Get the latest best-practice stories, news and white papers straight to your mailbox
The selection process for the market's third operator was a spectacle to behold
When you’ve been around a while, as I have, cynicism about the corporate world is something you carry around with you as constant baggage.
But even this cynical – and slightly older – media warrior had to smile when visiting Singapore’s Circles Life a couple of weeks ago.
Located in a basic industrial building in a not too fashionable part of the city, we were ushered into a much used meeting room to be met by the bold proclamation on the white board: “How does it feel to be working for the greatest telecommunications company in the world!”
My natural inclination was to revert to type and cynically roll my eyes at the naïve boosterism of it all, but I have to say that in the course of my visit I did start to understand what co-founder Abhishek Gupta and his team are getting so excited about.
Here was the adrenaline of the start-up, the idea that something built from the ground up could disrupt the established Singapore market and create something sustainable on a new model.
Circles Life began its existence as Liberty Wireless, using the word Liberty because Gupta and his colleagues believed it offered freedom from the established mobile offerings.
Now, Circles Life is a reference to the connected lifestyle of the 25-40 year old target market, people who want their smartphone to be at the center of everything they do in life, from banking to concert and film tickets to taxis or Uber and travel.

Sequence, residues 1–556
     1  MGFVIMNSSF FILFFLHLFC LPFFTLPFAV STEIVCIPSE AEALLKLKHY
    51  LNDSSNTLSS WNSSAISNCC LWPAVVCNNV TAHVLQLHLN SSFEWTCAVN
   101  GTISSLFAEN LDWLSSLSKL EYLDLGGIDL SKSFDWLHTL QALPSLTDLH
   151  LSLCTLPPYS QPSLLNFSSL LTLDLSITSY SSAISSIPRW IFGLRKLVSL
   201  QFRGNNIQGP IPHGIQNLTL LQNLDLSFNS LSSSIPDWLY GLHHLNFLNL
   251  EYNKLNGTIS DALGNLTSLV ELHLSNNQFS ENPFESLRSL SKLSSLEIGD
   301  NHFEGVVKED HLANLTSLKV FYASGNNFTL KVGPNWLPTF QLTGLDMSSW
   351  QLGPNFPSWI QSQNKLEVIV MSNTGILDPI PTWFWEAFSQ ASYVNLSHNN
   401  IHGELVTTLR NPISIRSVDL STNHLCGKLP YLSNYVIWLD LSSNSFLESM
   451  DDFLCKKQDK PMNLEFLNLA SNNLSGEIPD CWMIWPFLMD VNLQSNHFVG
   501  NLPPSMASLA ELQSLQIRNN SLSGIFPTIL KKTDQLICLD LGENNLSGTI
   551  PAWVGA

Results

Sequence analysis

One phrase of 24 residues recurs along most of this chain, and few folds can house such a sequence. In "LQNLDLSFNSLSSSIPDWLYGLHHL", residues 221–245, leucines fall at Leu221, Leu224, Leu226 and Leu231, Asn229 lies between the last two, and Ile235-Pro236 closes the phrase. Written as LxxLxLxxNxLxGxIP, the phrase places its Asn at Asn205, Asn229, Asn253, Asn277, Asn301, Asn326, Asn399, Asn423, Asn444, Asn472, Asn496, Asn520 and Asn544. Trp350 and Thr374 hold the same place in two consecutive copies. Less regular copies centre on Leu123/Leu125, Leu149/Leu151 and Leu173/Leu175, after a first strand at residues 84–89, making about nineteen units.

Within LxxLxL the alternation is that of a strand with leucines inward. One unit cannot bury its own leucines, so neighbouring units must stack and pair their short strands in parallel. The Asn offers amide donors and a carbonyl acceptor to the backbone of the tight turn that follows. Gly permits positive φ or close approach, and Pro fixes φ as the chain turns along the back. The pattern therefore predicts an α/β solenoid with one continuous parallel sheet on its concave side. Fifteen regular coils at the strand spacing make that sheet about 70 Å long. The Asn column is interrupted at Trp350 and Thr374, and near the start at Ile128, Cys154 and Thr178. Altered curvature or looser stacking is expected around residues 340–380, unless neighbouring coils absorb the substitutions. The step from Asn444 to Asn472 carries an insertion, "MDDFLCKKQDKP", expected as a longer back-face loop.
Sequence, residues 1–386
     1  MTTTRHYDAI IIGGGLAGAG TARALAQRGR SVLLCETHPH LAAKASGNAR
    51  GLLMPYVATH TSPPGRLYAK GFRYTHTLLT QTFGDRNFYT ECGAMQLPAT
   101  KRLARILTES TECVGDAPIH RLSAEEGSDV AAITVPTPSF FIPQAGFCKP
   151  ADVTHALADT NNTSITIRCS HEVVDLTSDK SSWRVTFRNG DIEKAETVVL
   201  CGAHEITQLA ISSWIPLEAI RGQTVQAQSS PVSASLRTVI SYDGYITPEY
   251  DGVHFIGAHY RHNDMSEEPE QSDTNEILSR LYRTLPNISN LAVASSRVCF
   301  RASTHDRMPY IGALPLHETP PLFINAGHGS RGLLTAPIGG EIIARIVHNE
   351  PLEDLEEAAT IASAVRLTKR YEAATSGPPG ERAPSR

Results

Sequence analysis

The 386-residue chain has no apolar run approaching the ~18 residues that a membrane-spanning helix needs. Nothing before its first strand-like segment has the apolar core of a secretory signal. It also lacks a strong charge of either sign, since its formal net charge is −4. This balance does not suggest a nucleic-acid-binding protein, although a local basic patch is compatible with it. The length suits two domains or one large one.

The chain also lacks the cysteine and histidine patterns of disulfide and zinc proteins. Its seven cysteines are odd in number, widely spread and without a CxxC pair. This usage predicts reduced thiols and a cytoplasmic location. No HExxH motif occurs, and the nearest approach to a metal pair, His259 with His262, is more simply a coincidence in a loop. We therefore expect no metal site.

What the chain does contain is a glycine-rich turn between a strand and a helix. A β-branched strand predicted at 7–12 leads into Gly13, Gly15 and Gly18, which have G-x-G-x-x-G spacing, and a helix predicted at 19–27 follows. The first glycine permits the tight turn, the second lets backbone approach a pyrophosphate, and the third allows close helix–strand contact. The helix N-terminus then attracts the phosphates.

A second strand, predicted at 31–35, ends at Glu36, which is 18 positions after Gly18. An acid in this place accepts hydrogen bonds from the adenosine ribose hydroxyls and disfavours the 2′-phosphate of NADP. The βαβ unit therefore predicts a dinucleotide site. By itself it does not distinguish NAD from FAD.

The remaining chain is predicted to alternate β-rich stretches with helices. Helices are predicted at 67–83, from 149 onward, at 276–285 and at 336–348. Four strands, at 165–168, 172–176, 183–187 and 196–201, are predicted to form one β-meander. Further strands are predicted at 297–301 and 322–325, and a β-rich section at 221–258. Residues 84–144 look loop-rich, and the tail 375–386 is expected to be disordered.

Circles Life point of difference is that all of these things are purchased seamlessly. Yes, its a Mobile Virtual Network Operator (MVNO) but beyond that the model seems to have been tweaked and improved.
There are no stores to visit, no contracts, and everything is customizable through the Circles app.
The mantra is to return power to customers and give them the tools to design their own functionalities and set their usage. It is not competing so much on price, but on usability.
The charging model is data-centric, and there’s even a rewards type scheme where customers can raise their data caps by – for example – referring a friend.
It seems all very simple but there’s clearly been an intense amount of work done on the customer facing front end, and perhaps even more at the back end in configuring the OSS/BSS systems.
And of course the cloud is central to all of this. Circles Life couldn’t exist without the cloud because without it, creating and delivering all the data, storage and analytics on-premises would be so expensive as to completely undermine the business model.
As it is, the “asset lite” MVNO model being pursued by Circles Life doesn’t need as many customers as established legacy networks to be sustainable.
Indeed, given the competition in Singapore geographical expansion seems a natural move. There are three established players, one of which – M1 – which leases its network to Circles Life – and expectations that two other MVNOs will join the market shortly.
At the end of the day it was refreshing to see someone trying something different with the MVNO model.
Australian consumers have had Virgin Mobile in their market for ten years or so, but does it really offer much different to services offered by its owner, Optus, a SingTel subsidiary?
Circles Life would seem to be offering something extra, and even this old curmudgeon likes that because it develops the market a bit further.
I’d hesitate to say – as the whiteboard claimed – that it’s the best telecommunications company in the world – but, but Circles Life is sufficiently different to be a brand worth watching.